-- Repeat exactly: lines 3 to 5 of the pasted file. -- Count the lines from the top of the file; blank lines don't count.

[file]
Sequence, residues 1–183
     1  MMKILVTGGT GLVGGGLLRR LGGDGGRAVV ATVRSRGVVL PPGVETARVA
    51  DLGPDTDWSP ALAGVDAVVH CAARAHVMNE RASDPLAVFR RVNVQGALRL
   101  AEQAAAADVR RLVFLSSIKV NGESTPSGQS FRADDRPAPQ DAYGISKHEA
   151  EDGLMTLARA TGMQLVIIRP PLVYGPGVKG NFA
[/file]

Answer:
    51  DLGPDTDWSP ALAGVDAVVH CAARAHVMNE RASDPLAVFR RVNVQGALRL
   101  AEQAAAADVR RLVFLSSIKV NGESTPSGQS FRADDRPAPQ DAYGISKHEA
   151  EDGLMTLARA TGMQLVIIRP PLVYGPGVKG NFA